The Progress/Happiness Connection

Why moving in the right direction trumps getting there

Hello to the 426 smart, funny, sophisticated, and sometimes quirky Intentional Wisdom subscribers, and a special WELCOME to the 13 new members of our community who joined us this week! If you haven't yet subscribed, don't worry, I'm not mad at you. I'm just disappointed. Join us!

One big idea for you this week:

Fulfillment comes not from external achievement, but rather from hard-fought, relentless progress toward a goal that is bigger than us.
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I remember popping his CD's into the disc player of my rusty blue '96 Mazda Protege on those cold, dark Boston mornings.

It was my first year in the 'real world' and like many transitions, it was a struggle. Going from big man on campus (well okay, how about a man on campus?) to the bottom of the corporate food chain took some getting used to, as did getting out of bed by 5:00 am to scrape off that frost-covered windshield.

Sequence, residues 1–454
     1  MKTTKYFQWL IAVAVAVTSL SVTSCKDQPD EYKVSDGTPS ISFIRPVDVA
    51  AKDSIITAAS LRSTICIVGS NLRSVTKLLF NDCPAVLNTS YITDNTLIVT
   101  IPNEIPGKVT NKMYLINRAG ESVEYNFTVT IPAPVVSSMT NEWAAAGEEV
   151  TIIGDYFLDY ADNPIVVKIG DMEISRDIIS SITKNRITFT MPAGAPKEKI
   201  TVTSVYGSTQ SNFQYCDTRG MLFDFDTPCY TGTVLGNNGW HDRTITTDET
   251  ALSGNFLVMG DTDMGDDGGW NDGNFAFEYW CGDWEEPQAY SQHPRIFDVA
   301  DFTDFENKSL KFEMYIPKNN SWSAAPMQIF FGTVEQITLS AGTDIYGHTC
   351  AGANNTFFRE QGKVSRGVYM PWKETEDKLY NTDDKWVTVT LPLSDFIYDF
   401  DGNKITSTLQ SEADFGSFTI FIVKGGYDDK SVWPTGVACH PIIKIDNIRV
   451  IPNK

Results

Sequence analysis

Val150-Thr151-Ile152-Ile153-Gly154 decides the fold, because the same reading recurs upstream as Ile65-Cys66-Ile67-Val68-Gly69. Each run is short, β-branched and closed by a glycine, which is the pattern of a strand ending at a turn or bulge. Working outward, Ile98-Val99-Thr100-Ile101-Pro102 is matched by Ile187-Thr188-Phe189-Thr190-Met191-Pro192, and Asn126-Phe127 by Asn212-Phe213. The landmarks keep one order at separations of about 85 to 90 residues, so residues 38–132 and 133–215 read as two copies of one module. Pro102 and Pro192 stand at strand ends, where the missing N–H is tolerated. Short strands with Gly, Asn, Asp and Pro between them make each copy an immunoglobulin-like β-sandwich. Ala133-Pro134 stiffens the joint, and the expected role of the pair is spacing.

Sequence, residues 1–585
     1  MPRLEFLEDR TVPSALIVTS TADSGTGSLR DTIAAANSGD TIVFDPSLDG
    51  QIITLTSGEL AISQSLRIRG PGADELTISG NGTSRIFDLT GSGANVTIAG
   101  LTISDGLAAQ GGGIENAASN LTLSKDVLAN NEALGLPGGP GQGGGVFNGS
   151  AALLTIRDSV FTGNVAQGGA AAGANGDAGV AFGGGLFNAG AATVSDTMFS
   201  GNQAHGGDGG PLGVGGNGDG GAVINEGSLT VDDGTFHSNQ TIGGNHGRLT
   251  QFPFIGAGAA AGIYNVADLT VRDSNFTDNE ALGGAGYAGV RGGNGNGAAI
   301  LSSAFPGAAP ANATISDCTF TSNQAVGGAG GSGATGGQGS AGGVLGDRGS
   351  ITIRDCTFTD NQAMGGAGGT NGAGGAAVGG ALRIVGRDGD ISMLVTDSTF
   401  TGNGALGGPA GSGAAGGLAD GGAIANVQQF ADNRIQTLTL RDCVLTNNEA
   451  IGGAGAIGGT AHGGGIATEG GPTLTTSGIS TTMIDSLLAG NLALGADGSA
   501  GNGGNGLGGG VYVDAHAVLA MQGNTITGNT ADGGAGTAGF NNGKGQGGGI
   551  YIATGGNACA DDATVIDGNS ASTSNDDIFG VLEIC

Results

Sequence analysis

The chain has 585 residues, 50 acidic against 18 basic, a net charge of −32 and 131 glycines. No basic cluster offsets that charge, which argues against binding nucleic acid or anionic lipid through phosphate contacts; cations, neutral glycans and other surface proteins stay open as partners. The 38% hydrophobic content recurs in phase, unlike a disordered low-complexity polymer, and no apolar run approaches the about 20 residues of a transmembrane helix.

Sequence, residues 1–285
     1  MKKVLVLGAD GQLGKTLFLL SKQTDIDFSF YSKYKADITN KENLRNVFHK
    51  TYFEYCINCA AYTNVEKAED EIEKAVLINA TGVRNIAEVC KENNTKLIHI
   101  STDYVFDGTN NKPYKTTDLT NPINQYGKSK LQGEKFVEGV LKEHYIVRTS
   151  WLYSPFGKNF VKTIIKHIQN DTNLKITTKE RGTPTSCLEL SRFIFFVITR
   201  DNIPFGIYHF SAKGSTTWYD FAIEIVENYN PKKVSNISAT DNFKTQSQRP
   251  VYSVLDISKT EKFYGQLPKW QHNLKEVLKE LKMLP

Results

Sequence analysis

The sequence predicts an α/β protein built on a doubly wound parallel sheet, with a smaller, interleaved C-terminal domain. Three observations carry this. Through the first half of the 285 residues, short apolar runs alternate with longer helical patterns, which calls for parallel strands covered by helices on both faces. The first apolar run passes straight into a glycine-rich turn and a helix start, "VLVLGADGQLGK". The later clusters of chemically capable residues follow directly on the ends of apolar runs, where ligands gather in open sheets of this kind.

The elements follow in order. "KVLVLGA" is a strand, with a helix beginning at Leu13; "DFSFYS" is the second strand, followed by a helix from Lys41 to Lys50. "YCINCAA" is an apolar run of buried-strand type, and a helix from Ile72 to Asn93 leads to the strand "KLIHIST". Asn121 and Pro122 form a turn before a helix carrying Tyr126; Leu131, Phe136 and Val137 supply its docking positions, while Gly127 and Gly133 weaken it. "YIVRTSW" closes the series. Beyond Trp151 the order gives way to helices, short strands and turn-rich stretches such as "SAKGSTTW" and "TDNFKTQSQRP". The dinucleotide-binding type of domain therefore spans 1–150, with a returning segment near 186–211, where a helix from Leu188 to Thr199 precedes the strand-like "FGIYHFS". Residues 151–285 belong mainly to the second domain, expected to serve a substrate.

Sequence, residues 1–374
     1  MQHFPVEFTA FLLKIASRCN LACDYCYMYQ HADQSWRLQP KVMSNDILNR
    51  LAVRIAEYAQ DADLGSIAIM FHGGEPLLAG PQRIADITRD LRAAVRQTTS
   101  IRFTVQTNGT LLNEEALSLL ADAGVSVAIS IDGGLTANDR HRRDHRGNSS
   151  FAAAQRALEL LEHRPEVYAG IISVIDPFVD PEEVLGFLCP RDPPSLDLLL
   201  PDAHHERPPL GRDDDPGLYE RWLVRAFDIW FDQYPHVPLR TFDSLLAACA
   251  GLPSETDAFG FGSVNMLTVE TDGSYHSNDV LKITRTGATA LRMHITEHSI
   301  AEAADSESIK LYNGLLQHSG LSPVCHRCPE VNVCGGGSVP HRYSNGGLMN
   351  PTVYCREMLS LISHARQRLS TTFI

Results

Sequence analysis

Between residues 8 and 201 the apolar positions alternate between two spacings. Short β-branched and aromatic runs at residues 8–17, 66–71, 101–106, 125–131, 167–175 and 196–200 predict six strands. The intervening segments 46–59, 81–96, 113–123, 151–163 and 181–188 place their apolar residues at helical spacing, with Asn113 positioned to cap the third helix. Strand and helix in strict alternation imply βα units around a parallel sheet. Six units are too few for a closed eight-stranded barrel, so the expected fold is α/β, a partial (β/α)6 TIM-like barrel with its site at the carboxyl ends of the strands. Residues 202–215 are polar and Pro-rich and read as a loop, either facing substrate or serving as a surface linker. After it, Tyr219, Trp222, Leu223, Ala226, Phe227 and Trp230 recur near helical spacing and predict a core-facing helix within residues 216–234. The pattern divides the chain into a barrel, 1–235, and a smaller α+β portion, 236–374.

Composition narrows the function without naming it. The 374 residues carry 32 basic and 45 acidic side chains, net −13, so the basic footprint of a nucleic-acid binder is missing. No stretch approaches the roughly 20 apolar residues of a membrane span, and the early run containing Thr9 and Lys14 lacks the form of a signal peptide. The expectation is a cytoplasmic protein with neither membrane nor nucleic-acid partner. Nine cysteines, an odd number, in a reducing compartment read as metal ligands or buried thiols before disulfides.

As I struggled to find my way in a high-pressure work environment by day and began to wean myself off the standard college diet of Natural Light and mac & cheese by night, I found myself feeling a bit lost in this new world.

I was rudderless and unsure of how or if I could succeed in my professional and personal endeavors.

Around this time, I found the self-help guru Tony Robbins, and specifically a set of his motivational CDs. I know, it sounds like something you might buy from a late-night infomercial—and it probably was.

But for me, at that specific moment in time, it turned out to be exactly what I needed. The message was simple (if admittedly, a bit cheesy) and I can still hear Robbins' raspy voice perfectly enunciating the mantra "Every day in every way, I am getting stronger and stronger."

Let me repeat that because it's important.

Every day in every way, I am getting stronger and stronger.

It's actually quite a powerful statement—especially if you believe it to be true.